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The Property of the Beaverbrook Foundation. Claude-Joseph Vernet Avignon 174 - 1789 Paris. A Grand View of the Sea Shore Enriched With Buildings. Shipping and Figures oil on canvas.Beaverbrook Foundation

The 10-year, often bitter and highly expensive dispute between the Beaverbrook Art Gallery and the Beaverbrook Canadian Foundation has come to a sudden and, it appears, happy conclusion, with a deal announced on Friday evening in Fredericton.

The arrangement was completed over coffee and muffins earlier in the day after what gallery chair Allison McCain called "a few months of negotiation." Each side will relinquish claims of ownership to sizable portions of the 78 artworks that were in dispute.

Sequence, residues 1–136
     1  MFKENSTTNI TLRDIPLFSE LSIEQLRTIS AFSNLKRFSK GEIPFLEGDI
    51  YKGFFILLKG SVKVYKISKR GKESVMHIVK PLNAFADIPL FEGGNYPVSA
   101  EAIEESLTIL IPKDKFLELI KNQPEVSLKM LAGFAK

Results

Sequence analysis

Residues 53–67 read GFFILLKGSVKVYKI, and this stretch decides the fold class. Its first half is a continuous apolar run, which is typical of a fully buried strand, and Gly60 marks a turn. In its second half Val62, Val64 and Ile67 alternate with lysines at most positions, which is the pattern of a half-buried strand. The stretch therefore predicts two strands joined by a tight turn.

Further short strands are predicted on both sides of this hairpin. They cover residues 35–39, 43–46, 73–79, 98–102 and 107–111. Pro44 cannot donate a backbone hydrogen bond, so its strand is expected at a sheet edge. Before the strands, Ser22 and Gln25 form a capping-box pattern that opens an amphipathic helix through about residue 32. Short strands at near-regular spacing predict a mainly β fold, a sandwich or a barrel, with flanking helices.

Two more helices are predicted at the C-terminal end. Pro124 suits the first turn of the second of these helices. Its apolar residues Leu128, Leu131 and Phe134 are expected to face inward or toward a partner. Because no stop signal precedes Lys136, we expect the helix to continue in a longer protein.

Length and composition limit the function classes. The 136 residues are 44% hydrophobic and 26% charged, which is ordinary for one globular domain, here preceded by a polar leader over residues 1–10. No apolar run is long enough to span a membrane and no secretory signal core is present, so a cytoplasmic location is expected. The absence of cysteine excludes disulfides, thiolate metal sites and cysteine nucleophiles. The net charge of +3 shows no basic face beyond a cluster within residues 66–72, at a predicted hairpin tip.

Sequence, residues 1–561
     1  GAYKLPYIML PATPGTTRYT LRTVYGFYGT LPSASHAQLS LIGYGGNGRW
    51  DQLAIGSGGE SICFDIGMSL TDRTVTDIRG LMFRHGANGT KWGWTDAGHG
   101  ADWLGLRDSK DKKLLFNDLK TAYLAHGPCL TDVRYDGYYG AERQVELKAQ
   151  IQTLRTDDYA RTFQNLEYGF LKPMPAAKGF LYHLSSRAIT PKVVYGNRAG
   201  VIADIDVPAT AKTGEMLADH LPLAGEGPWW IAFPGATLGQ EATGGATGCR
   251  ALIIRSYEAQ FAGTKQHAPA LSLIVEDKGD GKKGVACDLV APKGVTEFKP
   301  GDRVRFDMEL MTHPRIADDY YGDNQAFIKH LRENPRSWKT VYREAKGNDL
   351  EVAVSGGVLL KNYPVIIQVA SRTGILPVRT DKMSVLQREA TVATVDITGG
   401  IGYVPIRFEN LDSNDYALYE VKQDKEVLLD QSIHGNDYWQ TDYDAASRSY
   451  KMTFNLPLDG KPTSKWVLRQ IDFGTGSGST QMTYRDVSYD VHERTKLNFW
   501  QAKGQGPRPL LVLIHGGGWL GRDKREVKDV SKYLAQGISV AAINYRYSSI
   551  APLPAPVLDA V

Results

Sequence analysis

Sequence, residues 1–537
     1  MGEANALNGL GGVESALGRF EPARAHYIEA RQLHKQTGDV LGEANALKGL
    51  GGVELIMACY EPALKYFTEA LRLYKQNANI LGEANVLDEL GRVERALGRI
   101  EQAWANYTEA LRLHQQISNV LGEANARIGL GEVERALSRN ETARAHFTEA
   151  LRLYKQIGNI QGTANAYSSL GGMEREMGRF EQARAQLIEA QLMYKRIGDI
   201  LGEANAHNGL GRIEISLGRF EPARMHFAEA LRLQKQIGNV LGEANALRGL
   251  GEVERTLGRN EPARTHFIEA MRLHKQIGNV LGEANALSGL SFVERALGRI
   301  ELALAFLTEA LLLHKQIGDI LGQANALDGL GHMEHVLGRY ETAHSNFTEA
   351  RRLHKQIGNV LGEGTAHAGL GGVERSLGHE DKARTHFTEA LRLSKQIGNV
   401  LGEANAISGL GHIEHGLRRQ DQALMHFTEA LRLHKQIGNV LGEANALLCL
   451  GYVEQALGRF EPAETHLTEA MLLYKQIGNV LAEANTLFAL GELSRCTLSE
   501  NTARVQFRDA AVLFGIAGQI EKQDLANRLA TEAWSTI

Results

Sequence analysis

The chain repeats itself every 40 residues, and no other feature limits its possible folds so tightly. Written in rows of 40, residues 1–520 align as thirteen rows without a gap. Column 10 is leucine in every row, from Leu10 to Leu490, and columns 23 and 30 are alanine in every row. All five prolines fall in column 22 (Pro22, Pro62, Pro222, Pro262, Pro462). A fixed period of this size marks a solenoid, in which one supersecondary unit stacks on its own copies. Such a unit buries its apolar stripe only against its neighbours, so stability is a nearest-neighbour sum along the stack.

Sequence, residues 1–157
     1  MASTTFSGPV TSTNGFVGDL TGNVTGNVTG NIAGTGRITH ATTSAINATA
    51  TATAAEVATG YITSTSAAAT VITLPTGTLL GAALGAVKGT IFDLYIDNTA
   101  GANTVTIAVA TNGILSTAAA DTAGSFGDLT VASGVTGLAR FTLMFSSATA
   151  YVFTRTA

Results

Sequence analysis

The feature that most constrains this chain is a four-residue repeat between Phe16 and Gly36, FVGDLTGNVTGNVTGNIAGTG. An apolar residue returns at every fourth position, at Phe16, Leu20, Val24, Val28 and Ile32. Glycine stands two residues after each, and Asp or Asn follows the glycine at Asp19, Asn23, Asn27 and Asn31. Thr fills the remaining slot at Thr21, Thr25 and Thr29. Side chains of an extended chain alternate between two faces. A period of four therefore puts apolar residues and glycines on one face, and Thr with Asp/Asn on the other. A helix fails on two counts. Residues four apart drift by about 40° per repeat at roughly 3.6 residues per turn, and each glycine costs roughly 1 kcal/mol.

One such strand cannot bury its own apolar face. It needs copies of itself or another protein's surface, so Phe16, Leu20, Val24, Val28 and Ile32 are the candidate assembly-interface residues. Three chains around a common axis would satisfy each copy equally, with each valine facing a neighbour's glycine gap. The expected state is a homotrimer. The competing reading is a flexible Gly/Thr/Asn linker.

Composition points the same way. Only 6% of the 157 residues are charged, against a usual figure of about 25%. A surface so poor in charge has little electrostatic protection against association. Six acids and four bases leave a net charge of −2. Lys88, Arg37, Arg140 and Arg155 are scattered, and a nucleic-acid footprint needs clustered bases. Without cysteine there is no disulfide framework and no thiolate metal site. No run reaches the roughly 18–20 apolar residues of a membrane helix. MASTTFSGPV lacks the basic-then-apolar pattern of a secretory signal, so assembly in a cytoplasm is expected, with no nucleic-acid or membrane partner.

The foundation now has title to 43 works, the gallery 35. However, the foundation has agreed to a five-year loan of its share to the gallery, with the possibility of renewal. And, in perhaps the deal's most surprising twist, Max Aitken, 36 – who has been chair of the foundation since June, 2012, and is the great-grandson of the art gallery's Canadian-born founder, Lord Beaverbrook (1879-1964) – has agreed to join the board of the gallery his grandfather opened in 1959. Restoring the gallery's funding from the foundation "wasn't discussed" as part of the settlement, Mr. McCain said.

The relatively amicable resolution, although long in coming, is in sharp contrast to the resolution of an earlier dispute between the Beaverbrook U.K. Foundation, headed by Mr. Aitken's father, the 3rd Baron Beaverbrook, and the Beaverbrook gallery. That dispute concerned whether the gallery had title to 133 works valued at more than $100-million or they were loans "recallable on demand" to the foundation as heir and manager of the first Lord Beaverbrook's estate. An arbitration decision in March, 2007, awarded the gallery 85 works. However, the foundation appealed and the dispute continued for nearly three years before an out-of-court settlement largely upheld the arbitration.